Fox Call

Image of Short Story
I stood on the cusp of the cliff and let the wind run through my fur. The waves struck the cliff down below as I looked out at the storm looming over the ocean, a force powerful enough to blacken the furthest sky and grey the rest of it down to my den. I sat gently as I looked out over the water and pondered the tales my mother had told me as a kit. As I did my tail coasted smoothly through the lush green grass around me, I closed my eyes and furrowed my brow as memories rushed back to me.
“Did you know that the sky can speak little Fáin?” Éire’s tender voice echoed in my mind.
“Really? Who does it talk to?” The reply caused Éire to chuckle.
“You don’t understand Fáin, it doesn’t talk. It speaks.”
“What’s the difference mum?”
“Well son, when two people talk, they use words to tell each other things.” She paused for a moment as she pondered just how to explain it to a kit.
“When something speaks it doesn’t use words it just- speaks. When something speaks it rarely lies. In all my years I have had many creatures tell me stories and fibs, but the sky and ground have always spoken truths.”

Her lovely voice faded as the thunder in the distance cracked my concentration and peeled open my watery eyes. I sighed as I let myself fall to a lying position with my paws dangling over the edge. I never understood quite what mother meant by that, I guess I never would. I used my left paw wrapped in white to push dirt off the edge and into the violent eb and flow below. I watched intently as the dirt fell, rapidly gaining speed with every second as it drove towards its turbulent fate below. At the water it disappeared into the dark fury of blue and white foam. The thunder clapped seconds after as if the sky was giving a eulogy. I lied there, waiting for the thunder to call again. If it would provide respects for a mere piece of ground, then perhaps it had just yet to find the words for my mother.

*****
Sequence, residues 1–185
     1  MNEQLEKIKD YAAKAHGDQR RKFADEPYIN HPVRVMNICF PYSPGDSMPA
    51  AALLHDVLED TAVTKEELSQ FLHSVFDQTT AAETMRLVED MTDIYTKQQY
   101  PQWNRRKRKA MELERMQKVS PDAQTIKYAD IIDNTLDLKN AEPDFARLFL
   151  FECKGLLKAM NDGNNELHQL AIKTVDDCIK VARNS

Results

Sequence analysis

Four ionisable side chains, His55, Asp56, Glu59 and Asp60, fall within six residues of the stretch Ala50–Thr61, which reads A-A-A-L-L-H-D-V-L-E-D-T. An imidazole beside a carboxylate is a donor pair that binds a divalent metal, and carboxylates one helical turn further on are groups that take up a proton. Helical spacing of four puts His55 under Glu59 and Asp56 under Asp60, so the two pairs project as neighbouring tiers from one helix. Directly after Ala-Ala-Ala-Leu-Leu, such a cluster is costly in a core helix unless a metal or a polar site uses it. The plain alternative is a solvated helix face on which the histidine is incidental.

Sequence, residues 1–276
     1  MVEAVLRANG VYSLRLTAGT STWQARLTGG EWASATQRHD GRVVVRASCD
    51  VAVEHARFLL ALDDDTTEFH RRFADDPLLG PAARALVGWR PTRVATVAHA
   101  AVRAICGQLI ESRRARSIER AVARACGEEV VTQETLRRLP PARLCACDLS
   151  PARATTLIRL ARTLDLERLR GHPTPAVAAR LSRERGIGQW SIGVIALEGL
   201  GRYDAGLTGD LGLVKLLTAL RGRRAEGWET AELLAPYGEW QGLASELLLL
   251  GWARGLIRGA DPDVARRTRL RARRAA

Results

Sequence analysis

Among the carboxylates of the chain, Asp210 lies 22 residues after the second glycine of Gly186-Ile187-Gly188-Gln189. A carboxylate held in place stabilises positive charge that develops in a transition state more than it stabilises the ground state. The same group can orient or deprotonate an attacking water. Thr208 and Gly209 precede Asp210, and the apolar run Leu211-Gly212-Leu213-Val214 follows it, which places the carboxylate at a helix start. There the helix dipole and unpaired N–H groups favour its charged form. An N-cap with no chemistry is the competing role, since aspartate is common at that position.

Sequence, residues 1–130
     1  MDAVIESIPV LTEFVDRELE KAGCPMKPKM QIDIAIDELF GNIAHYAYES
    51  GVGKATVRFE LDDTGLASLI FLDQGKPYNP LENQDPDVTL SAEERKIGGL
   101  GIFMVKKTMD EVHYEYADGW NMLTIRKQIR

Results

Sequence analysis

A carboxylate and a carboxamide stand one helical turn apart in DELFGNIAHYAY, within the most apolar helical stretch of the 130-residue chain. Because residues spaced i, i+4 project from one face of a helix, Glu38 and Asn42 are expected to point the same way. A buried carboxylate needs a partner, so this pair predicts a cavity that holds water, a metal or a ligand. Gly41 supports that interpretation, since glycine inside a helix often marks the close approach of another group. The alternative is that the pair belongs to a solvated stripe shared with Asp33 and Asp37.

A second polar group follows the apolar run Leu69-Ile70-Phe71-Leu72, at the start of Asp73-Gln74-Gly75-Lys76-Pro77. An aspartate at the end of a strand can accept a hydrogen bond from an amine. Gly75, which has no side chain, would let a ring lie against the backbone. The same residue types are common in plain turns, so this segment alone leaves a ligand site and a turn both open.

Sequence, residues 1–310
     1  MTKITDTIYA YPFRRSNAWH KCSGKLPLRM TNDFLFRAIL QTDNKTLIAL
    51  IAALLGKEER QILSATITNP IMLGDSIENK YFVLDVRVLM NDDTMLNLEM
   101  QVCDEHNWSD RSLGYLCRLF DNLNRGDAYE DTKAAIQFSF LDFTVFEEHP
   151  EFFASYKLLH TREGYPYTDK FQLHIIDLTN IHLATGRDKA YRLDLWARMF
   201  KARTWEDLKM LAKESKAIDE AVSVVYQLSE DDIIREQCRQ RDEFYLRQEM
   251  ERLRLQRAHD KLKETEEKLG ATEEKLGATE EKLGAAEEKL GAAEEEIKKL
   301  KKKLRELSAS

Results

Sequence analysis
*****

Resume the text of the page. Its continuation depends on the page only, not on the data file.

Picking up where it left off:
I stared out waiting as the storm drew near the sky turning from a watery grey to deep fierce blue. With a sigh I began to pick myself up when I heard a voice out beyond the storm, it was muffled by the waves and the storm, but the tone was clear and present. My eyes widened and my heart raced, I wasn’t sure what to do. I perked my ears up and turned them towards the horizon and tried to focus out beyond the clouds that polluted the sky.

“Éire was one of the sweetest Vixens, in both beauty and in spirit. In her life she did many things, provided for her family, saved lives, and always helped those who needed her. Despite everything that happened, she remained a beacon of hope in the world around her.” As the sky spoke, I could feel my eyes welling up and my heart churning inside my chest. My breath was shortened in both wonder and sorrow as the voice continued.
“Éire was wonderful and irreplaceable; she will be missed dearly. Although sad she has left us a wonderful legacy to remember her by, one to be carried by her children.” I was sobbing at this point, I could do it, couldn’t I? I could help keep Éire’s soul alive. This realization sent a wave of peace and warmth down my orange fur, until the voice continued.
“Her children Milis and Grá will carry her spirit and her kind, gentle heart through to the next generation.” I sat there awestruck for a moment before jumping to my feet and yelling back at the sky.
“And me?” An anxious shiver encapsulated my voice as I shouted.
“Fáin, the last son and second kit of Éire!” The sky laughed violently in mocking, before giving its cruel reply.
“By birth maybe, but the resemblance is indistinguishable.”
“What does that mean?”
“You embody nothing that your mother stood for.” The sky mocked as the wind grew bitter and wet causing my ears to burn as it brushed them.
“No! That isn’t true, I’ve tried to be a good soul to my family and to others in the same way Éire was!” I screamed towards the mounting black clouds on the horizon. Despite the crashing of the waves and the whistling of the wind the sky’s voice remained crisp and potent.